Since Victor Frankenstein first conjured the monster that assumed his surname in Mary Shelley’s novel Frankenstein, his harrowing creation has assumed countless incarnations. Now, poet Laurie Sheck imagines her own daring version in the narrative prose piece A Monster’s Notes—a bold and elegant revision of the classic tale. Sheck’s version opens with this radical premise: what if Mary Shelley had never invented Frankenstein’s monster at all? What if he were still alive in the 21st century?
Divided into sections to honor the various points of view of several characters, the book begins with the monster’s voice as he takes notes from myriad sources before escaping north. Other personages waft through the story: Claire Clairmont (Mary Shelley’s half-sister who had a child by Lord Byron and was pressured to give her up), Henry Clerval (Sheck reimagines Victor Frankenstein’s boyhood friend as a translator of the Chinese classic The Dream of the Red Chamber), and mistress Shelley herself. Particularly compelling is the use of excerpts from manuscripts and facsimile editions of the Frankenstein notebooks, many of which Sheck had access to as a fellow at the New York Public Library. Just as Victor stitched together his beloved monster, Sheck has collaged assorted texts, and the result is an intellectually thrilling, stunningly original tale.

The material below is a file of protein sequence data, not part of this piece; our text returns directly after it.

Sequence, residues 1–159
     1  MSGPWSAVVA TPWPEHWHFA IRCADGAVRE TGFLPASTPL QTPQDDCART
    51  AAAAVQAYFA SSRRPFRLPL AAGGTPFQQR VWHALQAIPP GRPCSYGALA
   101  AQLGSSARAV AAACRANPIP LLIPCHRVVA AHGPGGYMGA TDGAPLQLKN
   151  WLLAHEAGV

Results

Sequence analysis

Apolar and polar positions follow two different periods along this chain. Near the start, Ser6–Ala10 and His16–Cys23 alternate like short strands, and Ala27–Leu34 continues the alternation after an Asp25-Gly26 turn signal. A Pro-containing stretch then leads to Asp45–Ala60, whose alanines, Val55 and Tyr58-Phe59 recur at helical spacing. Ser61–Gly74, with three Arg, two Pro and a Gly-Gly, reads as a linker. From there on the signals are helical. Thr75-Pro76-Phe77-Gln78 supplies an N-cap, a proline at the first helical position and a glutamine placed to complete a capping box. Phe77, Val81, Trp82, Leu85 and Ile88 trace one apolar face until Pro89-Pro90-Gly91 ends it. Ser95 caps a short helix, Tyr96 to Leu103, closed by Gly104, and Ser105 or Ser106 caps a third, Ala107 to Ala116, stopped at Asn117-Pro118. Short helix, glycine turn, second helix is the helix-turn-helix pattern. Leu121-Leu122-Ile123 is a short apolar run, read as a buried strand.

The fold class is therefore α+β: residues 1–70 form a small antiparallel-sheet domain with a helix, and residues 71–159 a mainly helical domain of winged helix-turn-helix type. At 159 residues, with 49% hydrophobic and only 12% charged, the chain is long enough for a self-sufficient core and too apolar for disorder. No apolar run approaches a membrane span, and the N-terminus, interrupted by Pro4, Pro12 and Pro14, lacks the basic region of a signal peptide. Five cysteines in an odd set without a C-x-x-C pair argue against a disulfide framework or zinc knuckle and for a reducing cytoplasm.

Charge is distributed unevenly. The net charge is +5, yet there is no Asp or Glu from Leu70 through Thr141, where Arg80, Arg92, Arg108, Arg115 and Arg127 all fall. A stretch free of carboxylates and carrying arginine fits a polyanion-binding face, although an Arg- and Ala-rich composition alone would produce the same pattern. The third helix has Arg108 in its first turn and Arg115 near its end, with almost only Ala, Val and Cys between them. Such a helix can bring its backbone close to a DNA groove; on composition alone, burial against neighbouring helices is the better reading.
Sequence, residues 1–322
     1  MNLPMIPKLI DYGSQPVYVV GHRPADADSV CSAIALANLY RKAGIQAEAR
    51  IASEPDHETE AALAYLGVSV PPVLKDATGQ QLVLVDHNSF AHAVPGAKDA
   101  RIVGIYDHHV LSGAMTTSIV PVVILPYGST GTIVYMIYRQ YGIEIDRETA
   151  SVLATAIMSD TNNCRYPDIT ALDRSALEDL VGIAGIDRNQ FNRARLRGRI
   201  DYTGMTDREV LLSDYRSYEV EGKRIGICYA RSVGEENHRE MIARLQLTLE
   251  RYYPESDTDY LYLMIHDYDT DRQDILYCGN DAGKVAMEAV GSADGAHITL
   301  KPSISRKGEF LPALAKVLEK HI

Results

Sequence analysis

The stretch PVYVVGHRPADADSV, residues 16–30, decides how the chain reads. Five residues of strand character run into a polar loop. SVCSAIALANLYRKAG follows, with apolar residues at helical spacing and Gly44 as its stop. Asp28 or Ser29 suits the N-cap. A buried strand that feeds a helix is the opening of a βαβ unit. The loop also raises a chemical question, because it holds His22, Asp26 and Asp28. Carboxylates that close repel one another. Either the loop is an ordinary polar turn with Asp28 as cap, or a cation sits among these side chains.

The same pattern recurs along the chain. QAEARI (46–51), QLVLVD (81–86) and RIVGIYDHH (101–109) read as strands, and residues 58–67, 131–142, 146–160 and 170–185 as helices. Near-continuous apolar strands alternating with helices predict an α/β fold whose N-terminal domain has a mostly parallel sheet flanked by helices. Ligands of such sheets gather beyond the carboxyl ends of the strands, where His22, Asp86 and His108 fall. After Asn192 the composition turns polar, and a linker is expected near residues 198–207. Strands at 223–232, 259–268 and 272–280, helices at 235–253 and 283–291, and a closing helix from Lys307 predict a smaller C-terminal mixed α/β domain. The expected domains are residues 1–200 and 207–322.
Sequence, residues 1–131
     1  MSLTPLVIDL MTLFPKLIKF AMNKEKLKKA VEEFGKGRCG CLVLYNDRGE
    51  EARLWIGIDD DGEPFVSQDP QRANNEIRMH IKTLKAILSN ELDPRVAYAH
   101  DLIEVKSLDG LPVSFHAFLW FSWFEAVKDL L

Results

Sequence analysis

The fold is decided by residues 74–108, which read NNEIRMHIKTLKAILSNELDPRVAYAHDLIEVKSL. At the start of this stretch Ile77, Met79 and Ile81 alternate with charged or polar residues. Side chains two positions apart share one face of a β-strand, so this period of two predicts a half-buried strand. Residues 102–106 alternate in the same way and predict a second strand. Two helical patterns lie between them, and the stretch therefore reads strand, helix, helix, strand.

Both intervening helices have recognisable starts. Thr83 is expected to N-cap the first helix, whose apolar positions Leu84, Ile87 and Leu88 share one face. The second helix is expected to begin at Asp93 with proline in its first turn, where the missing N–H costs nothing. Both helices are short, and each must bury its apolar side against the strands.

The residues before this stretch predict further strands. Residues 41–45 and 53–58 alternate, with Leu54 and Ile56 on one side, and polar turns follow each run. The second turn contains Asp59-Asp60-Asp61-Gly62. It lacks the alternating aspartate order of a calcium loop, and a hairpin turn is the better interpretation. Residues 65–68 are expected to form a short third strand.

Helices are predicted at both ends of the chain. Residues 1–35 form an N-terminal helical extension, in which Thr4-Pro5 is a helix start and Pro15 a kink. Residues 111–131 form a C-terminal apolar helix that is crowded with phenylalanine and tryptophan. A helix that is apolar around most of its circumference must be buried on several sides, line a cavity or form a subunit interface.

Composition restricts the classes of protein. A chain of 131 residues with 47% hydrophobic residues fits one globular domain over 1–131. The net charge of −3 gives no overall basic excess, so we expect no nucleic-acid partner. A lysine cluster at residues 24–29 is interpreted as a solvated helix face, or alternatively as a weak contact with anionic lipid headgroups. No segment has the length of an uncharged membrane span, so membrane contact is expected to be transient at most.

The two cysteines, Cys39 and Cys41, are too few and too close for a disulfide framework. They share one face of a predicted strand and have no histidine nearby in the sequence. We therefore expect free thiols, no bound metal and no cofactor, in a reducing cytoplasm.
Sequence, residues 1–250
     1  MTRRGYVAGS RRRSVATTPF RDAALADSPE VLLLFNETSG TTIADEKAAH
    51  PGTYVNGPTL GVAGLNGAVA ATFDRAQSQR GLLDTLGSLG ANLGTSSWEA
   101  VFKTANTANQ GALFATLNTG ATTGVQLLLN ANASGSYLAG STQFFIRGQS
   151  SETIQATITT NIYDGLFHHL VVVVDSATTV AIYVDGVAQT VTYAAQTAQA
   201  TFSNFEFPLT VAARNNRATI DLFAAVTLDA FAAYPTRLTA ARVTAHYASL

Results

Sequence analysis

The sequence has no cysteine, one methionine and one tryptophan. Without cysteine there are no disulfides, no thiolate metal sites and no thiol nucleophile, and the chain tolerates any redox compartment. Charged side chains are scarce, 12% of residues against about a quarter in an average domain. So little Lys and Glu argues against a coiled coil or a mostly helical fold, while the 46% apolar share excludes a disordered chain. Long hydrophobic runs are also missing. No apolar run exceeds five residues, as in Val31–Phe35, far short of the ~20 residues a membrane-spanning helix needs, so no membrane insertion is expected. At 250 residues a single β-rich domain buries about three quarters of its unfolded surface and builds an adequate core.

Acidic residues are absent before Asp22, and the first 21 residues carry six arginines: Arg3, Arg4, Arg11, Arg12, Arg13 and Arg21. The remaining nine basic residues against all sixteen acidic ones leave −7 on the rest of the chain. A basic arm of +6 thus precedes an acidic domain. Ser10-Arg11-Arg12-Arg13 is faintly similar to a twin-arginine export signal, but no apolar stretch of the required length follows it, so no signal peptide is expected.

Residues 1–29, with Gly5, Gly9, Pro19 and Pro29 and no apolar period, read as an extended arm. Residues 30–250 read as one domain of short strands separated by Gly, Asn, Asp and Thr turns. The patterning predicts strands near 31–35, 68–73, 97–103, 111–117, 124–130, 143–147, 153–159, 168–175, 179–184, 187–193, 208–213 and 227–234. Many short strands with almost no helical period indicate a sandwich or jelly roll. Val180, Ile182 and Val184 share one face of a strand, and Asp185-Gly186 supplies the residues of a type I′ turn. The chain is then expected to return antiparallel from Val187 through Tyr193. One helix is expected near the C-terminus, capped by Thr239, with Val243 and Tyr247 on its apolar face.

Readers of Sheck’s earlier books know of her penchant for myth, and, in her recent collections, a jagged means of capturing thought. In the genre-bending and vast undertaking and vast undertaking that is A Monster’s Notes she pursues the potentially unattainable answer to an eternal question: How does the mind find freedom?
A Monster’s Notes by Laurie Sheck is out this month from Knopf.